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Nyquist accepts challenges from 10 in Preakness

By Staff | May 23, 2016

The quest for the lead will be more competitive.

An early pace made hotter by the presence of Laoban, Awesome Speed and Uncle Lino will make Saturday’s Preakness Stakes take on a different complexion than the Kentucky Derby of two weeks ago.

But everybody will still be looking at Nyquist, the unbeaten Derby champion . . . most hoping for another possible Triple Crown success only a year after American Pharoah accomplished what no other thoroughbred had done since 1978.

The chocolate-brown colt made believers of any remaining doubters with his near-flawless performance in the Kentucky Derby, where 170,000 people attended at Churchill Downs in Louisville.

Now undefeated in eight career starts, Nyquist will be the prohibitive favorite against a field that includes eight thoroughbreds that did not try The Derby.

Only Exaggerator, who finished fast-closing second to Nyquist, and the Japanese gray enigma, Lani, came to Baltimore from the Kentucky Derby.

Exaggerator has now lost to Nyquist in four diffferent races.

Lani was ninth in the Kentucky Derby.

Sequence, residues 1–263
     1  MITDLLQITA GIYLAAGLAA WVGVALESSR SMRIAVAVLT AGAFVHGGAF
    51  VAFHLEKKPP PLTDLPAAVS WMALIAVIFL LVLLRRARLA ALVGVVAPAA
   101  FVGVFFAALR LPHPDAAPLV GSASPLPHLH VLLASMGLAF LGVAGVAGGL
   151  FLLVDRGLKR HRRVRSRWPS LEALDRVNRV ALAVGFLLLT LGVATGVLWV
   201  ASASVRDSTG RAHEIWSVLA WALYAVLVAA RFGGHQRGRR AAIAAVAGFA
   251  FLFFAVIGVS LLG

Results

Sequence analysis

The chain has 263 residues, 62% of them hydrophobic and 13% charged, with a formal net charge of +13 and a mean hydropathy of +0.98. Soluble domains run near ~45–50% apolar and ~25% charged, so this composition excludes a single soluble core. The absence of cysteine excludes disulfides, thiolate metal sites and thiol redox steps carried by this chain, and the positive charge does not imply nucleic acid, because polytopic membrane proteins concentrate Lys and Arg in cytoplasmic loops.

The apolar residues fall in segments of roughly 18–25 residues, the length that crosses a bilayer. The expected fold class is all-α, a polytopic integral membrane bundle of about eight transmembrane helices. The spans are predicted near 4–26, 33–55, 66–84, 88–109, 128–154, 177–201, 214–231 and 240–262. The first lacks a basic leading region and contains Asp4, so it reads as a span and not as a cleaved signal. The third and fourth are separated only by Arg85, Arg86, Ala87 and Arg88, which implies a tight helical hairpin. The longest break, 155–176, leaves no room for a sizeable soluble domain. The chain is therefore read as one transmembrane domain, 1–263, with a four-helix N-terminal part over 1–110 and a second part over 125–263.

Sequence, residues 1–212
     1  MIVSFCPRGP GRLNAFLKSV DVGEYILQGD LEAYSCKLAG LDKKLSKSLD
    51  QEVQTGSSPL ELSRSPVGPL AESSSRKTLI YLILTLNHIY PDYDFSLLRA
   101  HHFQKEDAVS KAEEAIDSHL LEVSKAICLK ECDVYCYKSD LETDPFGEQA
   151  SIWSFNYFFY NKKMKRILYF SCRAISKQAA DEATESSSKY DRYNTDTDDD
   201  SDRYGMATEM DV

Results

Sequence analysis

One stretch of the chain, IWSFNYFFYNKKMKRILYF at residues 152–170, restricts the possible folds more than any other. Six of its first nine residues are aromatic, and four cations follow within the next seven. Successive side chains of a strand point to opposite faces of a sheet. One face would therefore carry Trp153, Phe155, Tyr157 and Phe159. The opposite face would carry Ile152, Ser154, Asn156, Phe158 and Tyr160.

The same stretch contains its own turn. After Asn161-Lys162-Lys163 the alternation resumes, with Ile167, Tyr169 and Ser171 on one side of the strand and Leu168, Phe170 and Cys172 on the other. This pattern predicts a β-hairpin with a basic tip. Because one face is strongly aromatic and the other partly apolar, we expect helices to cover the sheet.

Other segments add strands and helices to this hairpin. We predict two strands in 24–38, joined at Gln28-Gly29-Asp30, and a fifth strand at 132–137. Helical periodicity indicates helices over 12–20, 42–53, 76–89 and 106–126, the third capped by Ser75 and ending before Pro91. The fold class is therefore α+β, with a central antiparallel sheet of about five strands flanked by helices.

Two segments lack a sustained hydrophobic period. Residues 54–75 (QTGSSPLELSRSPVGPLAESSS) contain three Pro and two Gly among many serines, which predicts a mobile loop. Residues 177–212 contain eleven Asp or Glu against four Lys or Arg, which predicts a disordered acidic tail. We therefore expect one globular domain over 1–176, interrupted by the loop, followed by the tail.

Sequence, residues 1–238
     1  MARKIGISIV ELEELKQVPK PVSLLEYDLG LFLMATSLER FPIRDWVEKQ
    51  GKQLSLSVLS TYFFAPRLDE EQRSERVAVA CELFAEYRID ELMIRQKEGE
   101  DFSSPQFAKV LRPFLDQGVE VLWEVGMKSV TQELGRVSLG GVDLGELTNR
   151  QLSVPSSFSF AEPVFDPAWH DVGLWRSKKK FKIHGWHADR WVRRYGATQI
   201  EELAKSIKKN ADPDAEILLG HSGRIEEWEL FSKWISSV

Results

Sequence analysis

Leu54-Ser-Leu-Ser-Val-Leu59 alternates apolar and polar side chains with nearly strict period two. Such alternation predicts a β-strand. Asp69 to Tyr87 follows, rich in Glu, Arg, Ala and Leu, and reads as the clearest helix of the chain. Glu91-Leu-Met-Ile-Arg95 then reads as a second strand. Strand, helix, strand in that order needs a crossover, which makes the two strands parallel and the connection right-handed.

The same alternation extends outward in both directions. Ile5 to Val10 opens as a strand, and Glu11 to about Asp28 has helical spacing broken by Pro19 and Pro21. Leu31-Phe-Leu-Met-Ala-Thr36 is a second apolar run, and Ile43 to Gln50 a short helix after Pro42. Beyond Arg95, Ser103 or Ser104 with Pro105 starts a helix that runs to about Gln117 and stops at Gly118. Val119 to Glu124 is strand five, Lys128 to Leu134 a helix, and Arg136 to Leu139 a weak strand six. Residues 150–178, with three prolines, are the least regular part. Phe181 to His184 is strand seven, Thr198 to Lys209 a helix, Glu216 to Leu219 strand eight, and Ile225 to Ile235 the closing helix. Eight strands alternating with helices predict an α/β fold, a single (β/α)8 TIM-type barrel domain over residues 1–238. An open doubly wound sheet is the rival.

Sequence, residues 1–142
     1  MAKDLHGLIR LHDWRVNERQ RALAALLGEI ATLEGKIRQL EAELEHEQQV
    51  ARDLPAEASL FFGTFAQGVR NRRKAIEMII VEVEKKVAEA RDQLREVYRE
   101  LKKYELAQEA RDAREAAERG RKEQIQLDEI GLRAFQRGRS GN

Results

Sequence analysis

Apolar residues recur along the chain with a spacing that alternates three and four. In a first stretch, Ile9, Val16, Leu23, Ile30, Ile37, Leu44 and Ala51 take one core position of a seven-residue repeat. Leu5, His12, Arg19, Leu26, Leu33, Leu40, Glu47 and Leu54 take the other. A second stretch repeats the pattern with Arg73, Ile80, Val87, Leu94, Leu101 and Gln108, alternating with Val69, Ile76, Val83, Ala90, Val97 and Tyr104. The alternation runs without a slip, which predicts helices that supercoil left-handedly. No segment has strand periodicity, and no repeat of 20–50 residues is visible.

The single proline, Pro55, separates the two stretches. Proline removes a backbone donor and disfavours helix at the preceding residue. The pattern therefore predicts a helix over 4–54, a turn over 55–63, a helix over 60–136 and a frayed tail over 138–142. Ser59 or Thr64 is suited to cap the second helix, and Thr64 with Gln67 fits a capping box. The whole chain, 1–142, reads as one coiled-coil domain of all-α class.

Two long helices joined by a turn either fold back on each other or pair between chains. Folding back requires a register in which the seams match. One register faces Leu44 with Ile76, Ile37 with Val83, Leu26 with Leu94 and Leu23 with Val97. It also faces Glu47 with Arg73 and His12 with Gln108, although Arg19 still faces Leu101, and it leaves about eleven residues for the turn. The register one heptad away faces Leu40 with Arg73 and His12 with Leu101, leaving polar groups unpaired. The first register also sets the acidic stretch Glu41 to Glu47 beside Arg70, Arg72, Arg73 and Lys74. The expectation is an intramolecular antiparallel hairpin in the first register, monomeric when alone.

Several of the Preakness entries would seem to be extreme longshots.

Laoban is a maiden and has never won any race. Stradivari has never even run in a stakes race.

The local favorite will be Awesome Speed, a winner in Baltimore in the Tesio Stakes.

Collected is trained by the ever-present Bob Baffert and has won three straight stakes races — all against lesser competition.

Cherry Wine comes off a third-place finish in the Blue Grass Stakes, and Uncle Lino is a well-bred son of Uncle Mo.

Consistent if nothing else has been Fellowship with his three consecutive third-place showings. A hunch bet for some, Fellowship is the son of Go Girlfriend Go.

Abiding Star was stabled at Parx Racing in Philadelphia where an outbreak of a dangerous equine virus surfaced about six weeks ago and forced a quarantine with no travel put into effect. If that quarantine hasn’t been lifted, he can’t even come to Baltimore. In his five career starts, Abiding Star has never won.

This second leg of the Triple Crown tiara is shorter in distance than the Kentucky Derby. Maybe as many as four entries will simply throw caution to the wind and sprint out of the Pimlico gate for the lead.

A sizzling (and energy-killing) early pace is probable.

Should those thoroughbreds severely compromise their chances, it will be up to Nyquist, Exaggerator and possibly the late-running Cherry Wine to duel through the stretch in front of the aged, glass-enclosed grandstand.

Nyquist has already won $4,954,200 in purse money… and his odds on Saturday could be as low as even-money and probably no better for the bettor than 6-5.

Is there another Triple Crown in the cards for moribund horse racing? To keep fading interest alive and off life support, a win by Nyquist would carry the sport to the Belmont Stakes in New York three weeks after the Preakness.